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In Operation Brace Yourself, DME and medical brace manufacturers were alleged to have paid “kickbacks” and “bribes” to doctors and nurse practitioners working with telemedicine companies for exchange for Medicare patient referrals for medically unnecessary braces.

In Operation Double Helix, patients nationwide were allegedly lured into providing their DNA for testing in a widespread genetic testing fraud scheme powered by a large telemarketing network. The doctors and nurse practitioners involved were paid to write orders prescribing the testing without any patient interaction or with only a brief telephone conversation.

Healthcare fraud remains a key target of the United States Department of Justice (DOJ). The DOJ uses civil penalties, as well as criminal charges, to punish healthcare fraud. The DOJ views healthcare fraud as a major issue.

When you think of drug crimes, you may picture college kids getting caught with marijuana, or dealers on the street corner with pockets full of methamphetamines. However, police sometimes charge respected professionals with drug crimes.

It has been a year since a high-profile opioid sting resulted in the federal prosecutors charging dozens of medical professionals with drug crimes. Most charges centered on prescribing opioids unnecessarily. Lately, an increasing number of health professionals are seeking treatment for using the substances themselves. If you are a doctor or nurse charged with a drug offense of any kind, you may have questions.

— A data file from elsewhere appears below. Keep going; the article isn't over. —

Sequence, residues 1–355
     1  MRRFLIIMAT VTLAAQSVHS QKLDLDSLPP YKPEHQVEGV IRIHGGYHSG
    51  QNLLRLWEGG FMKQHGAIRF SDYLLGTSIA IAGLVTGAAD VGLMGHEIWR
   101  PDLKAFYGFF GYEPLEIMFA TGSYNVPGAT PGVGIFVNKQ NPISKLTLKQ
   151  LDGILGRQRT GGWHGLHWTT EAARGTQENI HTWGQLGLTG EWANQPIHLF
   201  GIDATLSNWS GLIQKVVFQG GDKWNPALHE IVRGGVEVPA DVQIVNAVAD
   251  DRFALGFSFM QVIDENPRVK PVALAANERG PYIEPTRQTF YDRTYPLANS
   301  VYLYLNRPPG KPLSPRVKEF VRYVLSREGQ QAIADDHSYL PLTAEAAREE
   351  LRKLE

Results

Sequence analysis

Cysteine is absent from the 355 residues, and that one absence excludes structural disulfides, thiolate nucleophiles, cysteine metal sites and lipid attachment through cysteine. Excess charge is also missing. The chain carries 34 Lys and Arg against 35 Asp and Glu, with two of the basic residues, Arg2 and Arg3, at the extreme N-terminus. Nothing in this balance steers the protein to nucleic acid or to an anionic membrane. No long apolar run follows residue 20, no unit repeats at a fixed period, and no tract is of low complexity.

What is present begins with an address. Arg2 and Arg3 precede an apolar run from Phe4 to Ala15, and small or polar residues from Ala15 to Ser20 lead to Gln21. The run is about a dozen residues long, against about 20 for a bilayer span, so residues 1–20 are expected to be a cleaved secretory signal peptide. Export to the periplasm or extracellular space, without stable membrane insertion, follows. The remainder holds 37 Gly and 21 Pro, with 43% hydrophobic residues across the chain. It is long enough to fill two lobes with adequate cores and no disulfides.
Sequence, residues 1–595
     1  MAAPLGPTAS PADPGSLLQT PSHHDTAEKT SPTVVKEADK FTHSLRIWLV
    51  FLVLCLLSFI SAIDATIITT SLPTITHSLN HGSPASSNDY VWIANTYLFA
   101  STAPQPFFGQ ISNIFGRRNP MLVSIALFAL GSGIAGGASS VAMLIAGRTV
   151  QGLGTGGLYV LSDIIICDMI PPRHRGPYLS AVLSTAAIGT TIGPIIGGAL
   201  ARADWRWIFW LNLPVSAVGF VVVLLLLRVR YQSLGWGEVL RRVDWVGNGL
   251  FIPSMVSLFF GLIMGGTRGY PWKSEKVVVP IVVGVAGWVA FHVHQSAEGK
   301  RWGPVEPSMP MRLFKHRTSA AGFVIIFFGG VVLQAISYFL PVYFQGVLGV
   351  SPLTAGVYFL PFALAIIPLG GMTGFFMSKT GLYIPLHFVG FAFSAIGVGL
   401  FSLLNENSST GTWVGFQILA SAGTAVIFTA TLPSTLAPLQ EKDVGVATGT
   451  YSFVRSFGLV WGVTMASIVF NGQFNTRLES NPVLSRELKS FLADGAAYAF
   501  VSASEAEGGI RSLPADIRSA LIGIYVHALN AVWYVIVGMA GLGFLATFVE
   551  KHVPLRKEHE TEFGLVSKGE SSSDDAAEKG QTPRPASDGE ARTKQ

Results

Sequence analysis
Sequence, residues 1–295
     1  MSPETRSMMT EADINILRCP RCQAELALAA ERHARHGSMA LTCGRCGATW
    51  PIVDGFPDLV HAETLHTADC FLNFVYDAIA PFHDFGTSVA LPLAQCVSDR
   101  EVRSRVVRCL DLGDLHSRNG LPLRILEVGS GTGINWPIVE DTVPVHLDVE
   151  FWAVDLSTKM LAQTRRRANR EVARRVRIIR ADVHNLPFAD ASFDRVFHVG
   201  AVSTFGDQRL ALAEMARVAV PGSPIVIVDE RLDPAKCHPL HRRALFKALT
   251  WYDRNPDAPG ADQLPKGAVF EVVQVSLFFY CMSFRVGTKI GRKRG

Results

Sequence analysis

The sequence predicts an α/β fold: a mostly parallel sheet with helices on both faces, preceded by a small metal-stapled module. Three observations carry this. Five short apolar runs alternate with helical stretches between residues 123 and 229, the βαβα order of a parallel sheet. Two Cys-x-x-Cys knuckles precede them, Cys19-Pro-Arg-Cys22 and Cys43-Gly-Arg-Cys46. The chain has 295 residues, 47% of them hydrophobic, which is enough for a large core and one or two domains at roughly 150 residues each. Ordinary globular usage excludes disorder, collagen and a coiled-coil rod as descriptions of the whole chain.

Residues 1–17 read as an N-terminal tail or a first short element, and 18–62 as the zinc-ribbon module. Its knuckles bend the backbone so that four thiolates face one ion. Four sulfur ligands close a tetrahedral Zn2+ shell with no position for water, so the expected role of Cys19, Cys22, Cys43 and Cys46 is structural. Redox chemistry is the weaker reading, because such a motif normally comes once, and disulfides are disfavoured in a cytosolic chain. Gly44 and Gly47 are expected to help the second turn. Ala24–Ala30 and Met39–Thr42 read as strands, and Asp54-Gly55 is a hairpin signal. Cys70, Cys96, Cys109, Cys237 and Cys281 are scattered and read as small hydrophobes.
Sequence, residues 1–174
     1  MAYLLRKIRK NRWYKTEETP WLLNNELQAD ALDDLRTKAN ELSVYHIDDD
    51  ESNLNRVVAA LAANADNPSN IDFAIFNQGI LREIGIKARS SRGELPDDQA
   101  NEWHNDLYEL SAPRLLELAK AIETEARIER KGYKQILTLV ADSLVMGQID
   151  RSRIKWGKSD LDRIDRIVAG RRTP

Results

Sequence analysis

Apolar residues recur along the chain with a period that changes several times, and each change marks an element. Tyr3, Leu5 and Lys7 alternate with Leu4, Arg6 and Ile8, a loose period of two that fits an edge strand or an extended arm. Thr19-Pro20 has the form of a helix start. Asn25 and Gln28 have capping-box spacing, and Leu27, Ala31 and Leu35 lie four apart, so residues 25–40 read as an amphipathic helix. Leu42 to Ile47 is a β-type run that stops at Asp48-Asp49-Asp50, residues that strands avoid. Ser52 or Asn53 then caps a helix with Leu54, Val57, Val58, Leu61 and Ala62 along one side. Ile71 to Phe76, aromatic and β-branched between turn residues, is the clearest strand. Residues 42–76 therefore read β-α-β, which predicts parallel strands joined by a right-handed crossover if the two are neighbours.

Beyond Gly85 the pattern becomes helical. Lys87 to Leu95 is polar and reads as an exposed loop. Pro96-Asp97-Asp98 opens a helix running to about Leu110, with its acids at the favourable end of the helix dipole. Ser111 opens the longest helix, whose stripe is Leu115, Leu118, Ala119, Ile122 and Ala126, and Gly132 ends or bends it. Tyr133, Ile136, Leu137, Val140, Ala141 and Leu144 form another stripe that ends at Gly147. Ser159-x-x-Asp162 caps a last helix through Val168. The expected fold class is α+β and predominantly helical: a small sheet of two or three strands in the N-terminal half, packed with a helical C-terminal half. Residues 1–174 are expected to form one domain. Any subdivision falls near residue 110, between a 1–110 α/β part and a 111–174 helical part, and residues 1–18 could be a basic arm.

Should I talk to police?

Meg Strickler, a chair of the ABA section of International Law, Government and Public Interest Committee, is hosting a webinar tomorrow.

The US has recently authorized economic and travel sanctions against the members of the International Criminal Court who are investigating war crimes committed in Afghanistan. Are these sanctions lawful and justified? Should the US fear the jurisdiction of international courts? Our panelists will discuss these recent developments in the sphere of US foreign policy and international law.

Click the link for more details or to register. Discussion begins Friday, August 7, 2020 at 1:30pm EST:

Federal agencies can use the “national security” exception to avoid search warrants and use unobtrusive stingrays and dirtboxes to obtain cell phone numbers, owners’ names, and owners’ addresses. Without targeting a suspect, they can access large swaths of data by using this technology in crowds. They can even use that data after participants leave a gathering to track and investigate the people in attendance.

What are Stingrays and Dirtboxes?

https://theintercept.com/2020/07/31/protests-surveillance-stingrays-dirtboxes-phone-tracking/

When a nurse struggles with substance use, he or she may worry that seeking help will result in career damage. In fact, self-reporting a problem with drugs or alcohol can help protect your ability to practice as a nurse.

Learn how a DUI or drug diversion arrest could impact your Georgia nursing license.

Understanding mandatory reporting requirements

The Coronavirus Aid, Relief, and Economic Security (CARES) Act was signed into law on March 27, 2020.